Flight Plastics opens PET plastic wash plant in Lower Hutt, but we need ‘bottle deposits’ to make it worthwhile.
The opening of Flight Plastics PET recycling facility in Lower Hutt is a good step towards development of NZ based recycling processing. The capacity to turn over 200 million plastic drink bottles a year into high grade food-safe packaging will enable NZ to move away from exporting our waste to other countries where we have no control over environmental or labour conditions associated with recycling.
The Associate Minister for the Environment is right to invest in recycling infrastructure; but keeps forgetting about collection and transportation.
“Collection mechanisms are a problem in regard to Plasback” says Sandra Murray, Co-ordinator for the NZ Product Stewardship Council “farmers in Gisborne and other areas pay through the nose for Plasbak to collect and transport their farm plastic for recycling”.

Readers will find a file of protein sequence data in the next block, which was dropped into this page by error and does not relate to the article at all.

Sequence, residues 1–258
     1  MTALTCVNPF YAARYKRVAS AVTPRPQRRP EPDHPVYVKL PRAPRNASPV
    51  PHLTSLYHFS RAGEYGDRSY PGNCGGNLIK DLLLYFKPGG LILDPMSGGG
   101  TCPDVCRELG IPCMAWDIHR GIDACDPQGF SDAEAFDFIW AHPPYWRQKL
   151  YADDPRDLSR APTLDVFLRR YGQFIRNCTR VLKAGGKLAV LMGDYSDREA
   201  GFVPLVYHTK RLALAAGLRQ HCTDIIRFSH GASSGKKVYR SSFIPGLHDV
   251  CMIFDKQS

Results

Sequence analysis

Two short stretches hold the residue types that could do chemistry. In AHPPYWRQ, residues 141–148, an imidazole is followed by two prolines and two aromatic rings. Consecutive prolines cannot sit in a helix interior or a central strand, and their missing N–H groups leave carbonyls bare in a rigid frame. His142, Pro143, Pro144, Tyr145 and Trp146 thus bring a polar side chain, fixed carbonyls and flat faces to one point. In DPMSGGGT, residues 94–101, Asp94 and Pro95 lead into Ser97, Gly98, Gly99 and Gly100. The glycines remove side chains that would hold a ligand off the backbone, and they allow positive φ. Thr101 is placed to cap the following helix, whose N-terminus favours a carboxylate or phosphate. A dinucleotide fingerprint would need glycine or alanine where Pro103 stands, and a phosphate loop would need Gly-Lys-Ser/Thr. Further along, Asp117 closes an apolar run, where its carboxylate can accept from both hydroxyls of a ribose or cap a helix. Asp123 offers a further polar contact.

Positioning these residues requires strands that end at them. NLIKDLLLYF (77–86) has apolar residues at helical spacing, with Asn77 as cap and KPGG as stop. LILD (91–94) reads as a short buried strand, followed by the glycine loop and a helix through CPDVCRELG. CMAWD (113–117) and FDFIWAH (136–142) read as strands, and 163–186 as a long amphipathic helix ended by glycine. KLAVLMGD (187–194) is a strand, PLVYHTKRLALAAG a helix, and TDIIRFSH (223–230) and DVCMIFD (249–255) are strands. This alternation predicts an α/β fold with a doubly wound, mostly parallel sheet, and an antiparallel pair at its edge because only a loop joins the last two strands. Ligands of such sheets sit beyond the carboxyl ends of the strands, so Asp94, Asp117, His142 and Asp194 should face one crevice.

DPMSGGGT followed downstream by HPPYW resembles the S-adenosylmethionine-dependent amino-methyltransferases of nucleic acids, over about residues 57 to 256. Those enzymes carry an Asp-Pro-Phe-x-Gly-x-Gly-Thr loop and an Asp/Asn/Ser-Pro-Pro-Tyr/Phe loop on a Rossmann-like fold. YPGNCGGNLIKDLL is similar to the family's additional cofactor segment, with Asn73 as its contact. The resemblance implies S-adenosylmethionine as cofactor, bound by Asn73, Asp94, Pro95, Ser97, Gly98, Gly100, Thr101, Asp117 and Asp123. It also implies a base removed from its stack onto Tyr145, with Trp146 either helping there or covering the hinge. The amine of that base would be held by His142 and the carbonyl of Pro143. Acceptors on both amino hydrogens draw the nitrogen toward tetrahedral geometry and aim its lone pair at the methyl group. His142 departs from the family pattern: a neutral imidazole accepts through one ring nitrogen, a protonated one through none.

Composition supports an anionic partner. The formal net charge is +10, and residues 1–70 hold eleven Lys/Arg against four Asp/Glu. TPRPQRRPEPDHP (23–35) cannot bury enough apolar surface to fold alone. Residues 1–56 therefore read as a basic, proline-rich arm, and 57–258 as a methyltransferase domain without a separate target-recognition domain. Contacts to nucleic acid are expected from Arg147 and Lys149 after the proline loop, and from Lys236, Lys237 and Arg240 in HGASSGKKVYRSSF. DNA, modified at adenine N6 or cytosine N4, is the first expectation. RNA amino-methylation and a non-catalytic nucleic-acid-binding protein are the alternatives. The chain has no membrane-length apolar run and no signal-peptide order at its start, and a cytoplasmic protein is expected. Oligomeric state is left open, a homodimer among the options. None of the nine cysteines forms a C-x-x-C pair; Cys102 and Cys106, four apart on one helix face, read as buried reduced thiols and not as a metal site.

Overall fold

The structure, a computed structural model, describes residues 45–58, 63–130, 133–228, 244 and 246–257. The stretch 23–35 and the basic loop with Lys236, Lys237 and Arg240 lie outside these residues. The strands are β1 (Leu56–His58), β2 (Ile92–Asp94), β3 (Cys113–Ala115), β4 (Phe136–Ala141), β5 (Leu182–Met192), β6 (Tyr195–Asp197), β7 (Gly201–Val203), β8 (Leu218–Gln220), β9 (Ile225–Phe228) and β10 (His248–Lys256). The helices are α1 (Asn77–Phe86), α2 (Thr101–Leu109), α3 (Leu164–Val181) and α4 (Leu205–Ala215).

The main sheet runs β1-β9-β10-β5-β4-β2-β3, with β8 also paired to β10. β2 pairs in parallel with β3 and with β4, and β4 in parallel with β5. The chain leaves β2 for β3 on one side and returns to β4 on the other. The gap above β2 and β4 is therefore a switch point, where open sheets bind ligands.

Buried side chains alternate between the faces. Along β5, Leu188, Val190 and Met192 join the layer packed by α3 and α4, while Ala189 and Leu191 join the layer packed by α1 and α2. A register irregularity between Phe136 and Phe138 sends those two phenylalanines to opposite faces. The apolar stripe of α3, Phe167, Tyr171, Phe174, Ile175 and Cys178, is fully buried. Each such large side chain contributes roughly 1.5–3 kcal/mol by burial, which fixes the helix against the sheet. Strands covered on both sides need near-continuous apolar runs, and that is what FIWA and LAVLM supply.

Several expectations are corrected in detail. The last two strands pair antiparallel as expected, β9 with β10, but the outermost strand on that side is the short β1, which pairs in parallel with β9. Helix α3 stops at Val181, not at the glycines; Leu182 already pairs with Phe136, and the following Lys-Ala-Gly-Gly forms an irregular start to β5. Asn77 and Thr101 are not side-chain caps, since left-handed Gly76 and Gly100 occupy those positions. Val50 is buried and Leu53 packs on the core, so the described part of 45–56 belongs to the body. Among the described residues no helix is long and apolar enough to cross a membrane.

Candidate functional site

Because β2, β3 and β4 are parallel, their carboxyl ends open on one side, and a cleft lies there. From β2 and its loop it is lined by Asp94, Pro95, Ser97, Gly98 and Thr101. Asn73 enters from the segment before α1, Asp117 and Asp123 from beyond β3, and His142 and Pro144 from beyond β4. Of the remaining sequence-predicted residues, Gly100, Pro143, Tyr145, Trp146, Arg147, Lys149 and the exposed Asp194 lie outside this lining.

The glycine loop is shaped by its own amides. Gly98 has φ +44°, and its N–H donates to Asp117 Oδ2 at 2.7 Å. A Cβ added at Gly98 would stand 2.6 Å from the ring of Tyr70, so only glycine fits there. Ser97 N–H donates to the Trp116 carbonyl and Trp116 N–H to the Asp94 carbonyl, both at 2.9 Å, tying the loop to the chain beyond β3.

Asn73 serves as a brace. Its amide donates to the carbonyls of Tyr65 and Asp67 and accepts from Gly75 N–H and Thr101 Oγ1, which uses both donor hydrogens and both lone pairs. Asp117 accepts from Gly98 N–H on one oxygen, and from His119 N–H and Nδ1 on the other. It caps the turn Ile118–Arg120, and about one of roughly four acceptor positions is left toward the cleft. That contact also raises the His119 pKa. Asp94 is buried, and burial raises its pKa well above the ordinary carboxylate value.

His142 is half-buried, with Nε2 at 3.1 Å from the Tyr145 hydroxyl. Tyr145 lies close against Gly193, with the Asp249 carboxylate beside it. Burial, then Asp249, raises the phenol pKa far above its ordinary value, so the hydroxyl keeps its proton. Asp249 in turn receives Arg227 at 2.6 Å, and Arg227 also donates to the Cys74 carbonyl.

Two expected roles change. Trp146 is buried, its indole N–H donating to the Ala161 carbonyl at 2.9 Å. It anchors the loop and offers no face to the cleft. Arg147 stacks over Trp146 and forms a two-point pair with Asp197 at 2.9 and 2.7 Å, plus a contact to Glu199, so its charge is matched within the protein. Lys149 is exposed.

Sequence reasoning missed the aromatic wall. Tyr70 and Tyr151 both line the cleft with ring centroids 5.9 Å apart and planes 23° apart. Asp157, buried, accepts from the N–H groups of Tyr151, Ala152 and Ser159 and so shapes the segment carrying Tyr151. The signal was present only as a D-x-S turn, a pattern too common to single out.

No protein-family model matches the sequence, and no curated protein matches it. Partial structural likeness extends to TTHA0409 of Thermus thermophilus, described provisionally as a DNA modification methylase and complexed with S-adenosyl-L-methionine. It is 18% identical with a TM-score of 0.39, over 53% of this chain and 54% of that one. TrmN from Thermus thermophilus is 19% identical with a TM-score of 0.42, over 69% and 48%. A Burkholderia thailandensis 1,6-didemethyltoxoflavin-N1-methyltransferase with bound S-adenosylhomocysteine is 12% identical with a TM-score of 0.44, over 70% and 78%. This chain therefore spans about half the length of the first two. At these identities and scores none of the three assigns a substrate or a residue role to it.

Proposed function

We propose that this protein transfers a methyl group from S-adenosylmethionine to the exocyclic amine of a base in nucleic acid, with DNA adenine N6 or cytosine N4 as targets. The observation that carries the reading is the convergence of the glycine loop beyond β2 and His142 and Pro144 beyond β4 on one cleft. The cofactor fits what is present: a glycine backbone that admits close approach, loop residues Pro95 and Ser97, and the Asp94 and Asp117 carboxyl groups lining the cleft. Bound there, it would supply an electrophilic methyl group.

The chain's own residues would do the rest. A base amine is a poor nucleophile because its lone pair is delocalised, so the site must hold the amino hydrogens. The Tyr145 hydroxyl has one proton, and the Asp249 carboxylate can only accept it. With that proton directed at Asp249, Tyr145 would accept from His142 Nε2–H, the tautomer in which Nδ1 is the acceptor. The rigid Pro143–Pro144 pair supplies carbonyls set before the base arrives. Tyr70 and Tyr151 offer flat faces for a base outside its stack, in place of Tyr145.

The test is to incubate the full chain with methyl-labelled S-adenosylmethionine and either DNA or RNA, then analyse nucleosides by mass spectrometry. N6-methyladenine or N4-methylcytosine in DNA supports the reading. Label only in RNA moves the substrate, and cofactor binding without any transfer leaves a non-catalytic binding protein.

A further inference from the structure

After rejecting an industry-designed workable product stewardship scheme for end of life tyres, Environment Minister Nick Smith announced today the government would allocate $19 million taxpayer dollars into a false solution instead - most of the funding to go to Chinese-owned company, Waste Management NZ, to collect and shred scrap tyres.
Smith has proposed scrap tyres from throughout New Zealand, will then be hauled to Golden Bay Cement where the owners of the company will incinerate the tyres.
Reverse vending is where a bottle or can is placed into a vending machine and a coin, token or redemption voucher is offered in return.
Is littering really about laziness? Or should we take a look at the role packaging manufacturers have in designing products that pollute.
Environment Minister Nick Smith recently announced public funding for yet another packaging-waste scheme (the ‘Do the Right Thing’ initiative), so it is timely that we cast our eyes back over the history of litter.
View this article by the NZPSC on how littering has been used by the packaging industry to deflect responsibility onto 'litterbugs' when the problem is really packaging design.
Cash for Containers, supported by the NZPSC, has launched a petition asking the Minister for the Environment to bring in a Cash for Containers (bottle deposit) scheme.
A CDS can:
- Nearly triple NZ's recycling rates
- Reduce plastic pollution in the sea
- Create 2000 jobs
- Save councils and tax payers $26-40 million per year
- Reduce CO2 emissions
- Fund community groups
- Supplement low incomes
- Foster a sustainable, circular economy